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Stroke Awareness: Know the signs, act FAST

Stroke Awareness Saves Lives

Would you know what to do if you were having a stroke?

If you are having any of the following warning signs, you may be having a stroke, even if you’re a younger person.

Don’t wait to see if you’ll start to feel yourself again. You or someone else should call 911 right away and get to the nearest stroke center. The sooner treatment starts, the more likely it will help. Every minute counts.


    • Face: Look for an uneven smile.
    • Arm: Check whether one arm is weak.
    • Speech: Listen for slurred speech.
  • Time: Call 911 right away.

A stroke is a brain attack caused by blocked or broken blood vessels (veins and arteries). The blocked or broken blood vessels keep blood from flowing to your brain. Blood is needed to supply nutrients and oxygen to your brain. Oxygen is very important to the brain. If the supply of blood and oxygen to the brain stops, the brain cells will begin to die – and the result is a stroke.

Many factors that can put you at risk of having a stroke. Stroke awareness means understanding these risks, allowing you to take care of yourself better. Risks are divided into three categories: personal factors, medical/health-related factors and lifestyle choices.

Stroke kills about 140,000 Americans every year, with a stroke occurring about once every 40 seconds.  The incidence of stroke has jumped 44 percent in the past decade in Santa Clara County. The information in this article could save you or someone you know. 

Personal factors for stroke

Personal factors include age, gender, race and family history. These factors can’t be changed, but you should be aware of them in determining your risk. The chance of having a stroke increases with age. Two out of three stroke cases occur in people older than 65. Men are 25 percent more likely to have strokes than women.

Race is related to genetic factors. Genes may predict whether a person may or may not have stroke. For example, African Americans have higher rates of high blood pressure, stroke and heart disease.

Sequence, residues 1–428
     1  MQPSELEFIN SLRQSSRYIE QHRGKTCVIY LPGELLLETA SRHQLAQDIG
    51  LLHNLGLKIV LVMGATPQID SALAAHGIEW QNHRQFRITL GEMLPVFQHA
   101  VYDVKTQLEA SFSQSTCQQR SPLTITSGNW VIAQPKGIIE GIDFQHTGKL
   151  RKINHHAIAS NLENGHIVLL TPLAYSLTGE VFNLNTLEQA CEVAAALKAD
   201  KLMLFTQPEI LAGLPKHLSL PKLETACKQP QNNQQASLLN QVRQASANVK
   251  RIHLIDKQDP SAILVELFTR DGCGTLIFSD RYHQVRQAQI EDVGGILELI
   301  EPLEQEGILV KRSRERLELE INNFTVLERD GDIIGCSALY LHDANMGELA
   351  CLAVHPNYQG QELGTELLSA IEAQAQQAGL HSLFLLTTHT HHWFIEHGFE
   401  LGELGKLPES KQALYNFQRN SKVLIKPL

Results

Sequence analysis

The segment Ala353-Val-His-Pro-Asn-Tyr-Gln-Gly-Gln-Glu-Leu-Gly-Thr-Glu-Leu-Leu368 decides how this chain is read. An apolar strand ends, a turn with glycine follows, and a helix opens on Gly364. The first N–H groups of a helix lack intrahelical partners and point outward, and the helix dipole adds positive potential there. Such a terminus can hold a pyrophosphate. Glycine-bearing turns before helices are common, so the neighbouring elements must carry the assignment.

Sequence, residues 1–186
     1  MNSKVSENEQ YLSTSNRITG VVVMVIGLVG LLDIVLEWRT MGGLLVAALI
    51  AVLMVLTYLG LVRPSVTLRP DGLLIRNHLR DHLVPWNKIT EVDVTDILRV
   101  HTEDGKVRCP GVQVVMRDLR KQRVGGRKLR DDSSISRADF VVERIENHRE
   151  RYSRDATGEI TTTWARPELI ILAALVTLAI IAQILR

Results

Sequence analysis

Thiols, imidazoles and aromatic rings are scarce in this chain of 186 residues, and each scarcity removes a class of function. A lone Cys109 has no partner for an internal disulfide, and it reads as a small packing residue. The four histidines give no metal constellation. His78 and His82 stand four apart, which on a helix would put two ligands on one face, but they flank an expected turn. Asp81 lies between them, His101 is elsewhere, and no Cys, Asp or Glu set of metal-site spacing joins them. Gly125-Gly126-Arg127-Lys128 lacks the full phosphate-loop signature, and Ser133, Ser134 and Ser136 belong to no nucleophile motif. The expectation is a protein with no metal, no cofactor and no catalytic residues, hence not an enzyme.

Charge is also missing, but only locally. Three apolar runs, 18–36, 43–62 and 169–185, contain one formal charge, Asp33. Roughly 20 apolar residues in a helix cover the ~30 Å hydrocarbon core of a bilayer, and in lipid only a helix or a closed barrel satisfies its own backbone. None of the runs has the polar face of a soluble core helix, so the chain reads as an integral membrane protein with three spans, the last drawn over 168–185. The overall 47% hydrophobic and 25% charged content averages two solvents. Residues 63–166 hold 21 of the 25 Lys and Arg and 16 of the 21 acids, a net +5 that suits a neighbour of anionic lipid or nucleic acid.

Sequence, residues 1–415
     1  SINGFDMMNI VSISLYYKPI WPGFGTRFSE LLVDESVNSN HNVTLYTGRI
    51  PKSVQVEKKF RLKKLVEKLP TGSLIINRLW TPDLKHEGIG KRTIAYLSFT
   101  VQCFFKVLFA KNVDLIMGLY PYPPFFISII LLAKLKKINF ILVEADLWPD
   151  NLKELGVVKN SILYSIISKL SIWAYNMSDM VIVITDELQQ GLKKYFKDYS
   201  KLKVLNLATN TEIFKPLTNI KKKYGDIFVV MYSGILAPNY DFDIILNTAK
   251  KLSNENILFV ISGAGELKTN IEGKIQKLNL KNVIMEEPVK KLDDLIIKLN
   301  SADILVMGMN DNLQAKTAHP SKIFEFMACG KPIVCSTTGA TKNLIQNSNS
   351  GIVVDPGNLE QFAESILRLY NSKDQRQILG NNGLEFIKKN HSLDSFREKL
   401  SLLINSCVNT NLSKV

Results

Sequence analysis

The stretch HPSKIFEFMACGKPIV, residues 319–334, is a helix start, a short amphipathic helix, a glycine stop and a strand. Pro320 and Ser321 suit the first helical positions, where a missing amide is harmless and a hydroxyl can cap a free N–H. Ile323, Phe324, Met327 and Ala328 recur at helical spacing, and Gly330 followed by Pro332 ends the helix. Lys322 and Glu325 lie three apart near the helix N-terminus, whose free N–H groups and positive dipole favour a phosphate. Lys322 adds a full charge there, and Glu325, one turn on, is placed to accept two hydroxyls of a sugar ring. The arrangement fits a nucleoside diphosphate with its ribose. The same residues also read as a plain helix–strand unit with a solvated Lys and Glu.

Finally, family history can affect your chances of having a stroke.

You are at higher risk to have a stroke if any of your family members have had:

    • High blood pressure.
    • High cholesterol.
    • Brain vessel disease (also known as cerebrovascular disease).
  • Mini-stroke (TIA) or stroke.

A woman gets her blood pressure checked at an event sponsored by the Stroke Awareness Foundation and the Red Cross.

Even though you have no control over these personal factors, you can take steps to lower the risk. There are many things you can do, for instance:


    • Change your diet.
    • Exercise.
    • Change your lifestyle. Stop smoking, especially.
    • Manage your stress.
  • Work with your doctor to control changeable risk factors.

Medical and health-related factors

Among medical/health-related factors, diabetes plays a role with stroke. If you have diabetes, you have a higher chance of having a stroke. Many people with diabetes may have build-up on the inside walls of the arteries (atherosclerosis), which can reduce or stop the flow of blood and oxygen to the brain.


After a stroke, other factors may make it harder to get well as fast as others who do not have diabetes.

Lifestyle choices


Lifestyle choices such as using birth control pills or tobacco products can increase your risk of stroke, too.

Birth control pills contain a hormone called estrogen. Estrogen can cause blood to clot more easily. The more estrogen there is in the pill, the higher the risk of having a stroke. Women who are taking birth control pills who are over the age of 30 years and who smoke are at even higher risk of having a stroke.

Using tobacco products by smoking cigarettes or cigars, chewing and snuffing can increase your risk of having a stroke. Of the many chemicals found in tobacco, nicotine is the one that causes you to become addicted, making your body begin to “need” more and more nicotine in order to “feel better.” Nicotine can increase your blood pressure and heart rate. This means that your heart has to work harder than normal for blood to flow to the body. As a result, your heart and blood vessels may become damaged easily.

If you smoke, you are also exposed to another chemical called carbon monoxide. Together, nicotine and carbon monoxide reduce the amount of oxygen getting to the brain. This increases the risk of having a stroke and many other diseases.

VMC stroke care team

If you have a stroke, the stroke care team at Santa Clara Valley Medical Center has special training in taking care of patients with brain injuries, including strokes. Their goals are to:

    • Help you recover from the effects of a stroke.
    • Prevent complications.
  • Do whatever possible to prevent another stroke from occurring.

The team works with patients and families to reach these goals.

Support and understanding are important in your recovery. It is important that patients and families are active members in taking care of the patient’s health. We encourage questions and provide information so that patients and families know what to do when they go home.

The stroke care team is here to get you the treatment you need.


Nearest stroke center?

There’s an app from the Stroke Awareness Foundation for that.

September 13, 2018

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September 2018
Santa Clara County